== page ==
by Claire Spencer
Second Place – Level C (7th – 8th grade)
We’ve seen him on multiple occasions: around town, at a bus stop, in the park, and he’s always alone, with a worried look on his face. Despite my fears, I decided to stop wondering about this mysterious person and meet him.
I had a plan; most people do when they take on something like this. I wasn’t going to just walk up and say, “Hey, random stranger, why do you always look so worried? Are you a loafer? A criminal?” Nope. I, Essie Lambert, had a well thought-out plan of perfect proportions.
Earlier that week, my writing teacher, Mrs. Flannery, had given her students an interesting assignment. In short, we were to find someone we didn’t know and ask them five questions. The first three were simple: name, age, and profession – if they were old enough to have a job. We came up with the other two, and then after gathering all the answers to those questions, we were to write a paragraph stating what we thought that person’s personality was.
Immediately, I knew who my person would be – the mysterious man I’d wondered about for so long.
Right after school I headed for the library, where I usually went to anyway. In the past couple of weeks I’d noticed that Mr. Mysterious, as I’d taken to calling him, was spending a lot of time there as well.
I was thrilled to see that he was at a lonesome table in the corner, reading a thick book. Bursting with excitement and wasting no time at all, I headed over to him.
“Excuse me,” I said. “Hello, I’m Essie Lambert. I go to Laketon Middle School, and I have an assignment which requires that I ask a stranger a few questions. Would you consider letting me ask you some questions?”
Mr. Mysterious looked quite bewildered. I was surprised to see that up close, he wasn’t that old.
“Uh… sure,” he said, uncertain.
“Great! Thank you.” I slipped into the seat right across from him. “This shouldn’t take too long. All right, my first question is… what’s your name?”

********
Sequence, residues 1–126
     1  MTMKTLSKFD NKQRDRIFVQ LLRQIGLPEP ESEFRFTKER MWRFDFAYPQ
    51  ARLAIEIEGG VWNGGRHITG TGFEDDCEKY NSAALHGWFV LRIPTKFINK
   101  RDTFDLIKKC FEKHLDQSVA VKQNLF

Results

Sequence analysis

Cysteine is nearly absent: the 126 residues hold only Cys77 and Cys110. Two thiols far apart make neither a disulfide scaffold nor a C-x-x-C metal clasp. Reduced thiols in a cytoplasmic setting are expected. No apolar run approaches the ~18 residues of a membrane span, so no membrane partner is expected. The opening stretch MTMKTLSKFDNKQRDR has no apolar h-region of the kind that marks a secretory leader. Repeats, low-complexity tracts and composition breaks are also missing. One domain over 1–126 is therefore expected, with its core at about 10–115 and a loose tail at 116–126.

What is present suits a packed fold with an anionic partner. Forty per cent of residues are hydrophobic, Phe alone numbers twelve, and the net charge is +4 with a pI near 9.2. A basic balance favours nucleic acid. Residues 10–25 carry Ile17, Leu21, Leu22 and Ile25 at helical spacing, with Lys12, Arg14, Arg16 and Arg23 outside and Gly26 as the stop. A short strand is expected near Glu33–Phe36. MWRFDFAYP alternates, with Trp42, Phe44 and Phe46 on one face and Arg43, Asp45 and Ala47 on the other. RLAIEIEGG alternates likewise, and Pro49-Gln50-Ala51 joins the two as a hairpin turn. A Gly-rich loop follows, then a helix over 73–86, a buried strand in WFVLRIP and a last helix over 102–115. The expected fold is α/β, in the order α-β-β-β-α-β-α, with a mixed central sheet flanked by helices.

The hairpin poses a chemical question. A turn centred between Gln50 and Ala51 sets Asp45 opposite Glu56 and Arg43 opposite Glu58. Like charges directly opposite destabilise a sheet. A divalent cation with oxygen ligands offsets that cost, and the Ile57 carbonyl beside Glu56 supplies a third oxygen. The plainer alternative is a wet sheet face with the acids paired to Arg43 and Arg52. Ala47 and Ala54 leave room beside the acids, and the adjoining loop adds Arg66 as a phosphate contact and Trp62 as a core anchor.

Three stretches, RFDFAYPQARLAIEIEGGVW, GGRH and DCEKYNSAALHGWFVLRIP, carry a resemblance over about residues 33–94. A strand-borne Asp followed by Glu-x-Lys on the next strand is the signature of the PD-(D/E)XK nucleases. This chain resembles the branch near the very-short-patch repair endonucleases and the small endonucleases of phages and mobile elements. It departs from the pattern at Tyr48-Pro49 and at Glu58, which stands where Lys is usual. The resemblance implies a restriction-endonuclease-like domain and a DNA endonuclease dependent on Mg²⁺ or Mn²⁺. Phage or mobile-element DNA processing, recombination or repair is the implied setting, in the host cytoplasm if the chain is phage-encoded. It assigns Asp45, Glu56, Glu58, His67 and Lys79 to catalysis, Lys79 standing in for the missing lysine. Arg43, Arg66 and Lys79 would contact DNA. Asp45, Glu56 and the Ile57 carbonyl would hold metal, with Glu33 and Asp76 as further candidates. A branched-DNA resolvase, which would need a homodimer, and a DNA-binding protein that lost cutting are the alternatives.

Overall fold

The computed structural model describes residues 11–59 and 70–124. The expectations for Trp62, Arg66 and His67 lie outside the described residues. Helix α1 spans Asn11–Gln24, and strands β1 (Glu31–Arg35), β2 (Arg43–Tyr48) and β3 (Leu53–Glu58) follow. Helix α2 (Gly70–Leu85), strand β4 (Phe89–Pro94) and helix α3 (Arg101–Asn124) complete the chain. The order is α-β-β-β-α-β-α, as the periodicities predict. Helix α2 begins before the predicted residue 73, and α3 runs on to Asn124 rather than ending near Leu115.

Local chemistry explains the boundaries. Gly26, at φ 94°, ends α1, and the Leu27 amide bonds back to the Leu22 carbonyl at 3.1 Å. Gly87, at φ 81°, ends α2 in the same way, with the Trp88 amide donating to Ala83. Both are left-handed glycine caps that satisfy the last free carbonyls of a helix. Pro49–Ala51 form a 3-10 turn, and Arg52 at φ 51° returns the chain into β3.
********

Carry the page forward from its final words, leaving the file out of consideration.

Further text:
I scribbled it down in the notepad I’d brought. “And your age?”
“I’ll be twenty in a month,” he replied. I noticed that he glanced longingly at his book, and I wrote down that observation as well.
“Gus, what’s your profession?” I looked up and his face turned angry.
“I don’t have one,” he said. Then, in a voice so soft I could barely hear, he said, “That’s why I’m in this dumb town in the first place.”
I didn’t probe him further, as the subject of a job was clearly a sore one.
“You’re doing great so far. I believe I have about two questions left. Okay. What’s your favorite color?”
Gus actually thought about this one. “My favorite color’s kind of weird. It’s like that type of blue that almost looks grey. You know what I mean?”
“Absolutely. It’s a great color.” I smiled. “And now, this is the last one. What are you most afraid of losing? It doesn’t have to be material.”
To my shock, Gus’s eyes filled up with tears. He thought for another moment, and then said, “Myself. I’m most afraid of losing myself, because I don’t have anything else.”
Okay. Maybe that wasn’t the last question. “Why not?”
Gus looked at me angrily. “It’s none of your business!”
I was calm. “You’re right, Gus, and I respect your privacy, but my assignment will have a hole in it if I leave now.”
His anger dissipated, and he kept his voice quiet. “Fine. Well, to make a long story short, I have almost no family and no friends. No one cares about me. My parents disowned me a year ago, and so I don’t have a job or a car or anything. I’m living with my aunt right now, but she’s so mean I don’t even count her. Is that enough?”
I sat with his words for a second. “Gus… you’re wrong about nobody caring about you.”
He cocked his head at me. “What do you mean?”
“Well, after telling me all that, I care about you. But so does Jesus.”
Gus looked angry. “I tried all that nonsense. It’s not real, Essie, so the sooner you learn that the better.”
I straightened in defense of my Savior. “Gus, Jesus is real and he loves you. He died for you. I can’t force you to believe anything, but maybe you should hear it from somebody besides me.”
I left with that and then headed for the mystery section to call my dad.
Six months later, I turned in my paragraph. Mrs. Flannery, a devout believer herself, had given me more time. We both knew that more than just a personality determination was going on in Gus Bancroft’s life. But in the end, my paragraph touched on how I’d met Gus and the questions I’d asked, and what he’d answered. But it didn’t stop there. I went on to say that – to make a very long story short – Gus had started going to church. With the help of my family, he got a job and an apartment, and was working on completing his GED. But most importantly, Gus wasn’t a desperate young man anymore. He was a child of God, and like a brother to me. I wrote about how similar to Gus’s favorite color, he was a calm, young man who had more to him than meets the eye. I wrote how he liked jokes and loved coffee and how caring he was.
I got an A on my assignment, but I was just thankful that I had been a part of showing someone God’s love. I shudder to think of how Gus’s life would have turned out if it hadn’t been for that paragraph assignment.
Claire Spencer is a thirteen-year-old homeschooler. She lives in Weatherford, Texas with her awesome family, which consists of her two parents and four siblings.